About one in 10 new cases of tuberculosis worldwide is resistant to at least one of the common drugs used to treat the disease, according to a new survey.
Resistance to multiple drugs - a problem that renders the disease untreatable in most parts of the world - is seen in about 1.4 percent of new cases. The problem is especially prevalent in Southeast Asia and parts of the former Soviet Union, the survey found.
“We are here today to issue an urgent warning to all countries that TB may soon become difficult or impossible to treat,” said Sally A. Shelton-Colby, an official of the U.S. Agency for International Development, at a news conference where the survey results were released Wednesday.
“If tuberculosis were a new disease, the world would spare no expense to fight it,” said Arata Kochi, director of TB programs for the World Health Organization, which helped organize the study. “Now, while we have been looking the other way … the germ has mutated into drug-resistant strains, making itself a more difficult and deadly enemy to combat.”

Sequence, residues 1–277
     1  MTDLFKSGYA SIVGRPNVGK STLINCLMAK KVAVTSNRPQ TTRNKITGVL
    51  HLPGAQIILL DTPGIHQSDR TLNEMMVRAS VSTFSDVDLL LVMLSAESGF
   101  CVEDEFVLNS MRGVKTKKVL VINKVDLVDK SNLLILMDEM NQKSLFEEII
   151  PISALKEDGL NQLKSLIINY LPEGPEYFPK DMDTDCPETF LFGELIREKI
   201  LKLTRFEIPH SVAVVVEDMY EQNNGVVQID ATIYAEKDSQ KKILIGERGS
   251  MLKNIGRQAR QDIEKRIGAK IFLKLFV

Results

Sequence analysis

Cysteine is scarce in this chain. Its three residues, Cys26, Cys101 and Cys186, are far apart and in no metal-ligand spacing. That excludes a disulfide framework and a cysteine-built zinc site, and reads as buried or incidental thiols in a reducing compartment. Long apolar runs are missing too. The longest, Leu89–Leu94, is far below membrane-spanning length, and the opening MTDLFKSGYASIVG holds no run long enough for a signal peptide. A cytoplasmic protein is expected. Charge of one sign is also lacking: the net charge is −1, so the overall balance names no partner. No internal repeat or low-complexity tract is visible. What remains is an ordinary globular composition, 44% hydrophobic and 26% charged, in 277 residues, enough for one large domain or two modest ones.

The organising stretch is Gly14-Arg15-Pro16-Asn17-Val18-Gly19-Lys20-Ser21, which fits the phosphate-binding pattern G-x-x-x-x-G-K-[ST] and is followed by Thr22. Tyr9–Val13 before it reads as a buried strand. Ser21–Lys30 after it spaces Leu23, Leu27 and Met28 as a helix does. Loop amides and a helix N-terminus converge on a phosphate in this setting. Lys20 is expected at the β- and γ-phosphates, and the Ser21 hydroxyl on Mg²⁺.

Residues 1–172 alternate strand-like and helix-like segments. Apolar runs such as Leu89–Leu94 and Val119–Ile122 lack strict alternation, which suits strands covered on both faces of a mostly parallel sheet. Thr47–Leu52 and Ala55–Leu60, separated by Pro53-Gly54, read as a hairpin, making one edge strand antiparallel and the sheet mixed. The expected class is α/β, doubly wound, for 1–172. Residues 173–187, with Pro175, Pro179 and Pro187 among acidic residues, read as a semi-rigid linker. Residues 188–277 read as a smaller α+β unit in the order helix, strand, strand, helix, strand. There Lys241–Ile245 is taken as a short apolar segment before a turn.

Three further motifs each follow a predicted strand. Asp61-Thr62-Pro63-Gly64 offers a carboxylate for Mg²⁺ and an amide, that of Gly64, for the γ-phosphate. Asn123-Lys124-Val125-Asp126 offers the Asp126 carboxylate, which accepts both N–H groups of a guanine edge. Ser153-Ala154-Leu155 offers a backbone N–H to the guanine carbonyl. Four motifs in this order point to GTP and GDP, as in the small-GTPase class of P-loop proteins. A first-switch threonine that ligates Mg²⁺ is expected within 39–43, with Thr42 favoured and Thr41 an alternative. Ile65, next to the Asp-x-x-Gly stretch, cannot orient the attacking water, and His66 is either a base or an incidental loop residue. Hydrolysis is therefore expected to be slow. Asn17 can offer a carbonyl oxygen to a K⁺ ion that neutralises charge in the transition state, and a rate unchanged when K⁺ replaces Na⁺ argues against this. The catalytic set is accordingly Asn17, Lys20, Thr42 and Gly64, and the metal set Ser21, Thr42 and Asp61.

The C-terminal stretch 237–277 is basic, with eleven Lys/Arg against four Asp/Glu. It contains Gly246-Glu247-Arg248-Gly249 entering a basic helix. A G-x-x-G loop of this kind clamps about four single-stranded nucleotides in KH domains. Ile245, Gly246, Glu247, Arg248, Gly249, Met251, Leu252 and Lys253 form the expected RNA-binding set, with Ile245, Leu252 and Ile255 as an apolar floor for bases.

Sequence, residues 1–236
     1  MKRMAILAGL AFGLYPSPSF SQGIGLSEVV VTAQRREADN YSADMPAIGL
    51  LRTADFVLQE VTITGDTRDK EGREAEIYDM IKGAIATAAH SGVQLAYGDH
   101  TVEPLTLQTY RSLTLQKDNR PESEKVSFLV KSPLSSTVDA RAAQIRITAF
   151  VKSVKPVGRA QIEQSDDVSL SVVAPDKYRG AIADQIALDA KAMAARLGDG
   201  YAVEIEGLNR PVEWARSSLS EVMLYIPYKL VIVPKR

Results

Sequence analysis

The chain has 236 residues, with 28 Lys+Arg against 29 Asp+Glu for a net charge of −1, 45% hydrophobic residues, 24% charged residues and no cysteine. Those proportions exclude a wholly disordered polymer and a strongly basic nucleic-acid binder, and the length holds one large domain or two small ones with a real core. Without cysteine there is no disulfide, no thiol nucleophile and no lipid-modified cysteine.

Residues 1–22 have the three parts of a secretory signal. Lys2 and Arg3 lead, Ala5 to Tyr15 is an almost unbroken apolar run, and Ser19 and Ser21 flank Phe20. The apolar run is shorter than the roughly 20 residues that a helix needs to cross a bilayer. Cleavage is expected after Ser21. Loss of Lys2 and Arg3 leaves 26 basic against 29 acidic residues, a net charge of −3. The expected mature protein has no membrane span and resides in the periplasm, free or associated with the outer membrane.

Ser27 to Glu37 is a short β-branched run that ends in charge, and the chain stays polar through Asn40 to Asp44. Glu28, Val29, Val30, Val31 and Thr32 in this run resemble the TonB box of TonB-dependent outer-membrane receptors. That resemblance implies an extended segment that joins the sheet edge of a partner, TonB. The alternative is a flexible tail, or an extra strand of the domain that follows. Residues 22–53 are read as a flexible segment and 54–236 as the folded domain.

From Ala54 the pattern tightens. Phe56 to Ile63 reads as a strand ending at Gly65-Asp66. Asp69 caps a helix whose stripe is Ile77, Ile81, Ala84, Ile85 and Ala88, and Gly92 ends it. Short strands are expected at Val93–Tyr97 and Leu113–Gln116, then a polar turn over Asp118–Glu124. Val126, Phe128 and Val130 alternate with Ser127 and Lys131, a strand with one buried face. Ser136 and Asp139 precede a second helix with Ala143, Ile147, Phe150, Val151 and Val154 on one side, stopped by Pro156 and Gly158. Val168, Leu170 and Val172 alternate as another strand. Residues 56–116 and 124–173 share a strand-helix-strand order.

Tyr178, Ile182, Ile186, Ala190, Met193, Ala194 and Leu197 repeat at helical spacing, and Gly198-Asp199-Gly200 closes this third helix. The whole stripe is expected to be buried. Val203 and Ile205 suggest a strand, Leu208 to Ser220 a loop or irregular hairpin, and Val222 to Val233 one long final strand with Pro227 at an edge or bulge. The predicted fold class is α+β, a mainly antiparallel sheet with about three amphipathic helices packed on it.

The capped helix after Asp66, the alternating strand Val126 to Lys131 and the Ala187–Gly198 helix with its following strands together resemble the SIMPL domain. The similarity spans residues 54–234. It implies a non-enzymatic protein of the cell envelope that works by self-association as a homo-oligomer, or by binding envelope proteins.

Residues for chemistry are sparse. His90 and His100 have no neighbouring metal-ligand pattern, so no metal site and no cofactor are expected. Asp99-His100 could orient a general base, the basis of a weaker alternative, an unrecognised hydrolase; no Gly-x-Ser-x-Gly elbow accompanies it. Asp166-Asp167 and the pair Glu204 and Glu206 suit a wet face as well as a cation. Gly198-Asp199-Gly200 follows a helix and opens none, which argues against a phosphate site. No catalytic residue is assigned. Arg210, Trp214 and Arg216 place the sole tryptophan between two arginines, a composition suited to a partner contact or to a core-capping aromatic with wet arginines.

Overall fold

The study was conducted by four public health agencies from 1994 to 1997. Tuberculosis bacteria were sampled in 35 countries and regions of countries that together contain about 20 percent of the world’s population.
In some places, laboratories capable of testing for drug resistance also had to be built. The project is the first organized attempt to gauge the magnitude of the problem drug-resistant TB.
Tuberculosis is the most common serious infectious disease in the world. About 7 million new cases, and slightly more than 2 million deaths, occur each year.
The bacterium usually infects the lungs, which allows the disease to be transmitted through the air, especially in crowded, closed environments.
Normal, non-drug resistant cases of the disease are curable 98 percent of the time, but treatment requires use of four drugs and takes at least six months. When those two conditions are not met, drug-resistant strains of the TB bacterium can emerge.
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